• 116 DNP (17 Adult-Gerontology Acute Care NP, 3 Adult-Gerontology Primary Care NP, 32 Family NP, 15 Midwifery, 24 Pediatric Primary Care NP, 27 Psychiatric Mental Health NP) 
  • 298 MS (37 Nurse Anesthesia, 49 Advanced Clinical Management and Leadership, 212 MDE) 
  • 3 University Statutory Certificates 

Student Awards 

April Ancheta, PhD ’22, received the Dissertation Excellence Award, presented by the faculty for distinguished doctoral student research.  

Melissa Song, DNP ’23, and Kenice Kenlock, DNP ’23, received the Anna C. Maxwell Award, presented to a graduate of the adult-gerontology, family, or pediatric primary care nurse practitioner program who exhibits compassion, competence, and commitment to the provision of highest quality primary care. 

Ellie Kim, DNP ’23, and Noelle Zinn received the Anne Penland Award, presented to an outstanding graduate of the nurse anesthesia or adult-gerontology acute care nurse practitioner program who best demonstrates qualities of academic excellence, clinical proficiency, and empathy for patients. 

Kaycie Hutcheson, DNP ’23, received the Mary Dickey Lindsay ’45 award, presented to a nurse midwifery graduate who best exemplifies leadership qualities that will promote midwifery diversity and access to midwifery care for all women.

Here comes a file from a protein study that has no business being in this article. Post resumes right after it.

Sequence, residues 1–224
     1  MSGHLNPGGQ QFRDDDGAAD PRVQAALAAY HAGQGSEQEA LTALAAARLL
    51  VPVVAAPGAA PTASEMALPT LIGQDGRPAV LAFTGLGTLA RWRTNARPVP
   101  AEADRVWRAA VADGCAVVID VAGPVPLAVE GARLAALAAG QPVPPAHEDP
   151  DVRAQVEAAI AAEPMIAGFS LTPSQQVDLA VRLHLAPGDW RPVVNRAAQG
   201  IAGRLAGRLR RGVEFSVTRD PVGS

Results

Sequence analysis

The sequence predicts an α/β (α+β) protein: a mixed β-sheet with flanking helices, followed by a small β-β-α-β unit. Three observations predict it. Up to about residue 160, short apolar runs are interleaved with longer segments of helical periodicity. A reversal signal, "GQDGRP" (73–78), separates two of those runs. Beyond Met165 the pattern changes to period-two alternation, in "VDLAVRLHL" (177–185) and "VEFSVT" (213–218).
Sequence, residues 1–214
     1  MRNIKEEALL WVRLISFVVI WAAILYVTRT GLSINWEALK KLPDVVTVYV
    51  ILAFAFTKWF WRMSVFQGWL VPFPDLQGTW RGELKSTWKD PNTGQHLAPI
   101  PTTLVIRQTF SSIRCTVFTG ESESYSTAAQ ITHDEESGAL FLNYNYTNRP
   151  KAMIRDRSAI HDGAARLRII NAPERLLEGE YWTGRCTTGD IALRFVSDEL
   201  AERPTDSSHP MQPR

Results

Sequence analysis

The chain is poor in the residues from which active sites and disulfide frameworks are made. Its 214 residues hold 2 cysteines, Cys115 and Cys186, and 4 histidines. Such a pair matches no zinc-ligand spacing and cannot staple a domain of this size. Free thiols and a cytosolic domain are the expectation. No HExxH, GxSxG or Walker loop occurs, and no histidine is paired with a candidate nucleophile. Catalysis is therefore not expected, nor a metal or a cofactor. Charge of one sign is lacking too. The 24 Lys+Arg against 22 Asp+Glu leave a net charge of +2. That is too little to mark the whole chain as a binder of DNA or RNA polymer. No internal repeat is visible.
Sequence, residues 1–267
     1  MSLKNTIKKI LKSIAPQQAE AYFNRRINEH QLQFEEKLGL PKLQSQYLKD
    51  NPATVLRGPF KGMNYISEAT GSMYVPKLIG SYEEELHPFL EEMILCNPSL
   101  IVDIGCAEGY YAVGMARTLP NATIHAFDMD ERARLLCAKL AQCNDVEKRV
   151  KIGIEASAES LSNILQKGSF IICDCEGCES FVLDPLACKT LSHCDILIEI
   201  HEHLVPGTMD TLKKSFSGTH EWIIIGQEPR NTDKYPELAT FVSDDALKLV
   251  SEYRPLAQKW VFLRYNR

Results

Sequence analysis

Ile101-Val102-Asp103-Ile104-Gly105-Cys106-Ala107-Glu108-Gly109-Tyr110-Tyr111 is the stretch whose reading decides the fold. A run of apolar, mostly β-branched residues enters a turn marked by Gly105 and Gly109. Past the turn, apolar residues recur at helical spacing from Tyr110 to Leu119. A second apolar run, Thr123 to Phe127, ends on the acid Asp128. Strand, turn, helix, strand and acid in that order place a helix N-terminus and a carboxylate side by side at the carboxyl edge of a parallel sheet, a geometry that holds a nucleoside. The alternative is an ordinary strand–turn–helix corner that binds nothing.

Annette Smith received the Mary Bleecker Simmons ’60 Award, presented to the graduate who demonstrates compassion and devotion to the mental health needs of patients. 

Alicia Genna, DNP ’23, received the Faculty Award for Professional Excellence in a Subspecialty, given to a student who best exemplifies professional competence, capacity for leadership, and compassion for patients.  

Penelope Theodoropoulos, MS ’23, received the Mary Masterson Germain ’64 award, presented to a graduate of the advanced clinical management and leadership program who demonstrates academic excellence, capacity for leadership, and dedication to the highest possible care for patients and families. 

Robynn Cheng-Roberts and Belinda Samuda received the Margaret Eliot Award, given to the graduating nursing students who best demonstrate professional competence, capacity for leadership, and wholehearted compassion for patients.  

Chelsea Chaffee received the Alpha Zeta Chapter of Sigma Theta Tau award, honoring the graduating student who best exemplifies the principles of Sigma Theta Tau: Leadership, Scholarship, and Community Service. 

Tka Edwards, DNP ’23, received the Campbell Award, presented by the Columbia Alumni Association (CAA) to a graduating student at each school who shows exceptional leadership and Columbia spirit as exemplified by Bill Campbell, ’62CC, ’64TC, chair emeritus, university trustee, and CAA co-founder. 

Faculty Awards 

Graduates nominated nursing faculty for these awards, which recognize excellence in teaching and mentoring. This year’s awardees include: 

  • Associate Professor Adena Bargad, PhD, Teaching Award 
  • Professor Maureen George, PhD, Mentor Award 
  • Ian West, Teaching Assistant Award 

    Headline photo credit: Chris Taggart